The other option, prewashed, comes in several different colors like olive, khaki and brown and the like. They are a bit softer and a bit more comfortable, and they seem to be a bit longer. Be careful though, some of the prewashed version are only 7.5 oz canvass instead of the more robust 12 oz. weight.
So how does this work for riding? Well, first the fit seems to work pert-near perfectly! The full-seat, full thigh strait-leg cut is generous enough for plenty of movement and no binding while in the saddle, but they are not so generous that they flap in the wind. The double front does a great job at keeping your knees warm when its cold. No more need for long-underwear, even in the coldest conditions our knees have stayed quite warm. If it starts to sprinkle and things get a little bit wet the knees and front of the legs stay dry because it takes much longer for the moisture to penetrate both layers of dense canvass. Even when the occasional stone bounces up into your knee its hardly felt because of the extra material between your kneecap and the stone. While they keep you warmer in cold weather, they don't seem to be any hotter than traditional blue-jeans when temperatures start to soar towards triple-digits, and they are way less hot than dedicated riding pants, even the vented overpants we've sampled.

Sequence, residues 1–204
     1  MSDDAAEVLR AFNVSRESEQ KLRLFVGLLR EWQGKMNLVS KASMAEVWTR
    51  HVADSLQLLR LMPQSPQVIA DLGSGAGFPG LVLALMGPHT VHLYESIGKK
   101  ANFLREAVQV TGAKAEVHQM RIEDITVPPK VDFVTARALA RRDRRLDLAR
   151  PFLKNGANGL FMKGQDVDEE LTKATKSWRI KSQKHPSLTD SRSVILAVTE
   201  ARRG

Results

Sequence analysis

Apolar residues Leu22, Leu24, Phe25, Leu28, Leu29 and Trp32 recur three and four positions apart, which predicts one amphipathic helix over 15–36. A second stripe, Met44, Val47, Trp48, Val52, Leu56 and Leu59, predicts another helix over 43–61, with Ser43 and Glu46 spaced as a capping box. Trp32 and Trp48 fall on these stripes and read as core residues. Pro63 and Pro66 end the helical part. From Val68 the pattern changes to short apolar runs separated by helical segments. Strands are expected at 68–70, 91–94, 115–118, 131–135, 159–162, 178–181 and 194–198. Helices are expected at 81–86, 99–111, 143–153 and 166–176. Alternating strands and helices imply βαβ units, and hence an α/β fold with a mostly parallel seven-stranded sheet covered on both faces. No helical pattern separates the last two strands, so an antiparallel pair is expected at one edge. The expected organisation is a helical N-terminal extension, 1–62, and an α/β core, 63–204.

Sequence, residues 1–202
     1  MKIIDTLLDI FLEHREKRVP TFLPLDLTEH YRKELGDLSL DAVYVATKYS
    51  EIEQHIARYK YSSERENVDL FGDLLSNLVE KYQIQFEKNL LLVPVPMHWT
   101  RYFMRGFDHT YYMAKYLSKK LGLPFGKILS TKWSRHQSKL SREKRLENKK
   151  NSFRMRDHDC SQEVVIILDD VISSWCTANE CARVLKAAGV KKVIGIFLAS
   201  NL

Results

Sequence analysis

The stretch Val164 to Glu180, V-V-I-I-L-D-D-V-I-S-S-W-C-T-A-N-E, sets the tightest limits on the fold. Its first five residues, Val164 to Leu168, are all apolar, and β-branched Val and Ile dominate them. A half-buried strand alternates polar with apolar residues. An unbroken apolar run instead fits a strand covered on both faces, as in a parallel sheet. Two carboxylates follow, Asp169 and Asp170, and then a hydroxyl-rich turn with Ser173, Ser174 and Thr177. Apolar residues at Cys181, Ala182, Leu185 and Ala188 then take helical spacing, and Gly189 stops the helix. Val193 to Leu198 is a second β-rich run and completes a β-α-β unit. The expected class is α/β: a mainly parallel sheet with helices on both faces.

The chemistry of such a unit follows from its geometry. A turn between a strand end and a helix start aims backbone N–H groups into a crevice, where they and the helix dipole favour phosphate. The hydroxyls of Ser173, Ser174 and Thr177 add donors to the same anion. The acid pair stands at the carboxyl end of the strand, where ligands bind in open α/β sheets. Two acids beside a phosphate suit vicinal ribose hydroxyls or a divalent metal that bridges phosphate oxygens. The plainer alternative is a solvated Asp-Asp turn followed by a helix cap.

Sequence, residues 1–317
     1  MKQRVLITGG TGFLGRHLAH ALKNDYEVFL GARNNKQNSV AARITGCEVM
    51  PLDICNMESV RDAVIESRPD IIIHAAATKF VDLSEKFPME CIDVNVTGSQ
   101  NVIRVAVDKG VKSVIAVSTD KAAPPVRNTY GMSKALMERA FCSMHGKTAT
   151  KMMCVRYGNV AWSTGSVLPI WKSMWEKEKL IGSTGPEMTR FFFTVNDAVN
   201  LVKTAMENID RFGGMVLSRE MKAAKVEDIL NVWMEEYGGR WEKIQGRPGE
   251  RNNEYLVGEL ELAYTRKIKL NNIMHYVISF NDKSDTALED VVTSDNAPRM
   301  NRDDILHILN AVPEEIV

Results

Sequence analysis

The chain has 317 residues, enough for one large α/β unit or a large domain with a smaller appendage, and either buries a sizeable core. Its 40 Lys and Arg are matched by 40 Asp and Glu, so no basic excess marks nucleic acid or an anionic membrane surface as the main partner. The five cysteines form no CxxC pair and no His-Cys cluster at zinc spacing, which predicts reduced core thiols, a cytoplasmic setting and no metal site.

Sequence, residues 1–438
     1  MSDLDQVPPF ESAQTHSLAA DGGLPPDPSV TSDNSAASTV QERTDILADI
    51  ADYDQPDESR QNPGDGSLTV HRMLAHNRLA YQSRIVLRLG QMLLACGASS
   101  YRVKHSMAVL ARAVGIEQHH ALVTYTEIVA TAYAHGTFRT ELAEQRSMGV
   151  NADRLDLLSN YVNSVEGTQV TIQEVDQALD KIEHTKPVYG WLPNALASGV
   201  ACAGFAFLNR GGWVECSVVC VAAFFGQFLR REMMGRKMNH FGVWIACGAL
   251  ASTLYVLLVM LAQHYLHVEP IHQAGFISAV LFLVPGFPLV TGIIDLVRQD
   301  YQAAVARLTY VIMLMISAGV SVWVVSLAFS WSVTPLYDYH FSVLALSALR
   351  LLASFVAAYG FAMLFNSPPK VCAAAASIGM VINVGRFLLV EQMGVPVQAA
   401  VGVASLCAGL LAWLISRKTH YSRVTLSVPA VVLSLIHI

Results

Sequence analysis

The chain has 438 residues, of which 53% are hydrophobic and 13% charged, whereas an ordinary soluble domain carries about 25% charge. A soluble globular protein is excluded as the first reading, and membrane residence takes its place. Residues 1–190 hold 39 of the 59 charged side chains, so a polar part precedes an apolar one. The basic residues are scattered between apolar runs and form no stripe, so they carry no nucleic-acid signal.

They do lack armor but there are a myriad of options for insertable knee pads, such as the ShockGuard inserts from Alta. These inserts use the same shock obsorption technology that comes in super-high end motorcycle kit. The armor took some effort to get into the pants, but it stays in place quite well, adding a level of armor at least on the knees (your results may vary based on size/dimensions).
One thing we noticed and really liked about the Carhartt was how they held their shape during longer trips. Blue jeans tend to get saggy and droopy if you wear them for long or for more than one day. The Carhartts hold their shape, the butt doesn't get saggy even during really hot weather. And the best part is, when laundry day comes around just throw them into the washing machine then the dryer and you get to start fresh with no fuss or worry.